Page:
Graham Bell’s tips on getting fit for skiing

5th December 2013, by Abi Butcher

Graham Bell offers his top tips on getting fit for skiing. Photo: Graham Bell/Nevica

Graham Bell offers his top tips on getting fit for skiing. Photo: Graham Bell/Nevica

BBC presenter and former Olympic skier, Graham Bell, is working with Club Med to promote ski holidays this winter. Here, he shares his tips for optimising your fitness and getting the most from your ski or snowboard holiday.

“Unlike most holidays, skiing is a physically demanding pastime, and while that’s part of the thrill, it’s also a reason why you need to be prepared. If you’re not fit enough to ski for a week on holiday, it can be stressful, painful and a waste of money as you’ll cut short your days due to tiredness,” says Graham. “Taking a few simple steps to improving your overall fitness and training specific muscles will not only mean you can ski for longer, but will help you avoid more serious injury, as well as the aches and pains of those skiers you see hobbling through the bar every evening.”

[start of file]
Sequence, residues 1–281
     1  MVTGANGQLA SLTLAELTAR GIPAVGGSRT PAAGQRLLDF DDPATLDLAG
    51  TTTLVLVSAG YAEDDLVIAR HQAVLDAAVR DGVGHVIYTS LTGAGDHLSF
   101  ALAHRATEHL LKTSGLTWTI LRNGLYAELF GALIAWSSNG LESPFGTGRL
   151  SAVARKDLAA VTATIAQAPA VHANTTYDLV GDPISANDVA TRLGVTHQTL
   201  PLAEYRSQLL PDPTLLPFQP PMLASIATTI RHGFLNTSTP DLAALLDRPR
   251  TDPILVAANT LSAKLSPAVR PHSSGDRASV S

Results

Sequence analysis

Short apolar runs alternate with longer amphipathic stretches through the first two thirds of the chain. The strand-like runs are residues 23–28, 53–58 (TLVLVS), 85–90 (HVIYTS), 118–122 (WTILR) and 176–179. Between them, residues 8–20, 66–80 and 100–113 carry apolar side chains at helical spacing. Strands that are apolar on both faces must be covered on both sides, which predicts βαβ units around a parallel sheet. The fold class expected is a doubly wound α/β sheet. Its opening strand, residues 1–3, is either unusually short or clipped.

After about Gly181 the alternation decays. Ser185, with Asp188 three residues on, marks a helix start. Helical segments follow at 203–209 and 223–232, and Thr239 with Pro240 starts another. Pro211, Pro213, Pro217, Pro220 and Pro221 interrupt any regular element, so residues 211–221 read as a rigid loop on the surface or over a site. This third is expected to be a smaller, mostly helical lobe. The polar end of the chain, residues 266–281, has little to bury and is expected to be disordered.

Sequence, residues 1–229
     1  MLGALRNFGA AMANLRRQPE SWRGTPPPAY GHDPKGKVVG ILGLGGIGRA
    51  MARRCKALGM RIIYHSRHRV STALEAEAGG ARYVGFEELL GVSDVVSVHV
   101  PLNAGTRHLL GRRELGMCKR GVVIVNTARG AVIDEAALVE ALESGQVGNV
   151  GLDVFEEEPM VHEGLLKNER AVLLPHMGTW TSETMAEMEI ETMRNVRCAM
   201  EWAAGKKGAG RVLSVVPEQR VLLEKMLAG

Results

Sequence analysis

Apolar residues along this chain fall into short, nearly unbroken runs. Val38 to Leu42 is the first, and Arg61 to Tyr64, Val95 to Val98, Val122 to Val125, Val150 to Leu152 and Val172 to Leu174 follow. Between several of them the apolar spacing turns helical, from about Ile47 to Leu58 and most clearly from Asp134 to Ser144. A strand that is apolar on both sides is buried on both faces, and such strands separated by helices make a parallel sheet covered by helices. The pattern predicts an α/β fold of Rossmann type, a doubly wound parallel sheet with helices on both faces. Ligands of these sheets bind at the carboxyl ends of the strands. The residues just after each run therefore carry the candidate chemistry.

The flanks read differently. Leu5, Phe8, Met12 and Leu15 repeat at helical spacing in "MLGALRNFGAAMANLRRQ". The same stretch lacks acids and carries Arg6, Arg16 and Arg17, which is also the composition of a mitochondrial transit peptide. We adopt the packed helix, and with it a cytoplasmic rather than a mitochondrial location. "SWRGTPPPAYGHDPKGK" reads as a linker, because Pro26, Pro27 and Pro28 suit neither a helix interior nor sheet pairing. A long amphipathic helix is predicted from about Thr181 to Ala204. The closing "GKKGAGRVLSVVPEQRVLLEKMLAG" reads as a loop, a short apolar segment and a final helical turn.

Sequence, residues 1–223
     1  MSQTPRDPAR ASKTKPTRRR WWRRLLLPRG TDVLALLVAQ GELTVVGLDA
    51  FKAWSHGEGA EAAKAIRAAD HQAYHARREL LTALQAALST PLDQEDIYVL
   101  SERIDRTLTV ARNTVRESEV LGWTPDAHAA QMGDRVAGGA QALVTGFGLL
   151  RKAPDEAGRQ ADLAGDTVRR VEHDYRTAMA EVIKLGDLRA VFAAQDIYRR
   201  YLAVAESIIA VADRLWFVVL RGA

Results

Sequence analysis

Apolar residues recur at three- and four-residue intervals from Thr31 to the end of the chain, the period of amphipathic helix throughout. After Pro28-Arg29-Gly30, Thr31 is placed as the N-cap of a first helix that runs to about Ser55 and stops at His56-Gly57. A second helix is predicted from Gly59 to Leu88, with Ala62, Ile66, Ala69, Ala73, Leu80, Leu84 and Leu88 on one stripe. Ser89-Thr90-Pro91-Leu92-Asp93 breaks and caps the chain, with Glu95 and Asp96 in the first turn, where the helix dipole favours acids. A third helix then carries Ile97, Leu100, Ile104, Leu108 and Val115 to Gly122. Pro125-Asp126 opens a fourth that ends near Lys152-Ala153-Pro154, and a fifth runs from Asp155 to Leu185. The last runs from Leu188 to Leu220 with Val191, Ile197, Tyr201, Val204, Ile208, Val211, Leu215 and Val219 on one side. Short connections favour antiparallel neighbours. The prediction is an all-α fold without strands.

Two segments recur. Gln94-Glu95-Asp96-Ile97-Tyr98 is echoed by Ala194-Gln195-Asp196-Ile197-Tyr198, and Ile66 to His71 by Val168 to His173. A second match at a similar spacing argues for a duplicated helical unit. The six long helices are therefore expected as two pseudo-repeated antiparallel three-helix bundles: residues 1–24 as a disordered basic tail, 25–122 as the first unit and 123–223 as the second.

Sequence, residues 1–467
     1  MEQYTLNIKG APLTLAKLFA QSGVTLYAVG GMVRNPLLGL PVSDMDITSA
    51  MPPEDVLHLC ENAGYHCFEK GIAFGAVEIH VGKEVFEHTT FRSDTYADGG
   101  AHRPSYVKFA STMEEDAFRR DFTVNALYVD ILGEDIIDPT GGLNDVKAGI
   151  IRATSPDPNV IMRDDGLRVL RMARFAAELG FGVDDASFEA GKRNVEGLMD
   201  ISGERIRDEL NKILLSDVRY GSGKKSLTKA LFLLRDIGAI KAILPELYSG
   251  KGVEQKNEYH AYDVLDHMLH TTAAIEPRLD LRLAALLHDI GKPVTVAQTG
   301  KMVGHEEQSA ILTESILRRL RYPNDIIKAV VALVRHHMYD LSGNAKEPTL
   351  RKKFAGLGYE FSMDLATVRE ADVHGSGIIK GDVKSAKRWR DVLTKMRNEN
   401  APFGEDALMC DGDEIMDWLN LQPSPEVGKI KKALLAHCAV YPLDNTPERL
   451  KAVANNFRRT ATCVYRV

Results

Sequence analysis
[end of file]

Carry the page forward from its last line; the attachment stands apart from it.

SIX WEEKS OUT

Aerobic fitness
If you’re not already exercising regularly, it’s a good idea to begin a simple programme of aerobic activity around two months to six weeks before you go. As well as boosting your overall fitness levels, this will help build your stamina, meaning you can ski for longer each day without feeling as tired. Each gym or exercise session, introduce 20 minutes of cardio exercise – such as the bike or treadmill. This only needs to be at a low intensity, but will help increased your heart rate and improve your fitness levels on the approach to your holiday.